Fake World

September 20, 2004

In M. Night Shyamalan’s faux gothic film The Village, a late-19th-century community lives in enforced isolation; the deformed, bloodthirsty creatures who inhabit the woods outside the village prevent access to the world beyond. What makes the film an imitation gothic is the double plot twist. It turns out that the monsters are a fiction invented by the elders of the village to keep the younger generation within its boundaries. Further, we learn that the adults are refugees from present-day America whose experience of urban violence has driven them to revert to an 1890s lifestyle (their costume and manners actually evoke a period perhaps a century earlier).

With stars like William Hurt, Sigourney Weaver, Joaquin Phoenix and Adrien Brody rushing about in suspenders, aprons and yellow-hooded capes, and talking in inflated phrases without contractions (“I am but concerned for the safety of my only son”), the movie might suggest a Saturday Night Live version of the Amish. But Shyamalan isn’t aiming for parody. Like his last movie, Signs, which featured supposedly technologically advanced unfriendly aliens who couldn’t maneuver their way out of a locked room, The Village is a dead-serious attempt to comment on the spiritual emptiness of modern America.

Signs pivoted on the ability of its protagonist, a minister (Mel Gibson) plunged into disillusionment by his wife’s senseless death, to reclaim his faith. The Village insists that we consider the retreat of the traumatized elders to the farthest reaches of a wildlife preserve as an honest effort to rediscover a family-centered, regulated and safe community. There’s a great deal of unintentional humor in these films, but absolutely no irony.

Leaving aside the preposterousness of Shyamalan’s plot (have the elders arranged it so that no planes ever fly over their village?), his social vision seems particularly dimwitted. Apparently the hopelessness and all-encompassing savagery of modern life can be redeemed only by a willful erasing of reality through the pretense that the modern age simply never happened.

The grisly fairy tales the elders enact to frighten their children into accepting their isolation don’t seem like an attractive alternative. The movie never criticizes the villagers for maintaining the status quo through terror. And violence is, as we know, indigenous to human interaction. It is, in fact, a violent act that forces the schoolteacher (Hurt) to wise up his daughter (Bryce Dallas Howard) and allow her to journey into the world: when her fiancé (Phoenix) is attacked by a jealous rival (Brody), modern medicine is required to save his life.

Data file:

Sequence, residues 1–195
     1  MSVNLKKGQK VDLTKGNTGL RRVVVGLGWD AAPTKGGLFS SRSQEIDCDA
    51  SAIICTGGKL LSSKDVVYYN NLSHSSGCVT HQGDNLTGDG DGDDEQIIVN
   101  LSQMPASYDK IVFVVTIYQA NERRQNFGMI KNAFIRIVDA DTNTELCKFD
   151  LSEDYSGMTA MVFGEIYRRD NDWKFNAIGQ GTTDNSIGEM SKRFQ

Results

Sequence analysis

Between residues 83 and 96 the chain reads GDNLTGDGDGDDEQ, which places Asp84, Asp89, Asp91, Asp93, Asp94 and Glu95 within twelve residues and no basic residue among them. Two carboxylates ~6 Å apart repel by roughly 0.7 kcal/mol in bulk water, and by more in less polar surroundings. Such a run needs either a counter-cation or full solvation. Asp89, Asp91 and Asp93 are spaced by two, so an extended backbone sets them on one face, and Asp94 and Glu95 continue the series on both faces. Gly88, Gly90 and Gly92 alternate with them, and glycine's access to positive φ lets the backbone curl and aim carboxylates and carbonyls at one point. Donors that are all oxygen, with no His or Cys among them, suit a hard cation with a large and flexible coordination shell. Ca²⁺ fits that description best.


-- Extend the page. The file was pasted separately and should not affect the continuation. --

The movie might make philosophical and emotional sense if it exposed the folly of setting up an alternative community and expecting it to be magically immune to human frailties. But Shyamalan fudges the situation by making Phoenix’s assailant the village idiot, and therefore not responsible for his conduct. In the end, Howard secures the assistance of a sympathetic park ranger who secures the medicine and sends her back into the woods without giving away the secret of the village. His instinctual respect for her mysterious lifestyle—and the fact that the village escapes detection and is able to continue—confirms that Shyamalan finds the idea of reverting to another century to escape the challenges of our own perfectly congenial.

The Village doesn’t appear to have snowed viewers (and some critics) the way Signs did; I think there’s something about modern-day actors pretending to be some variant of puritans that makes it impossible for us to suspend our disbelief. (The fatuous remake of The Scarlet Letter and the painfully earnest film version of The Crucible, both released in the late ’90s, were box-office disasters.)

Shyamalan enjoys respect because people think he’s wrestling with important issues. But without the spectacle of Mel Gibson struggling with his faith, Signs might not have gotten away with its amateurish staging and imagery and its ramshackle narrative. (Those sophisticated extraterrestrials are defeated because they’re allergic to water? Didn’t they realize the planet they’d chosen to colonize was four-fifths water? )

The surprise ending of The Sixth Sense, the movie that put him on the map (and that, unlike his subsequent efforts, had at least the benefit of good acting), was hocus-pocus that viewers were less likely to dispute because the film, wide-eyed and humorless, gave the impression of grappling with our mortal fears.

Shyamalan is a hoax. Everything about The Village is faux.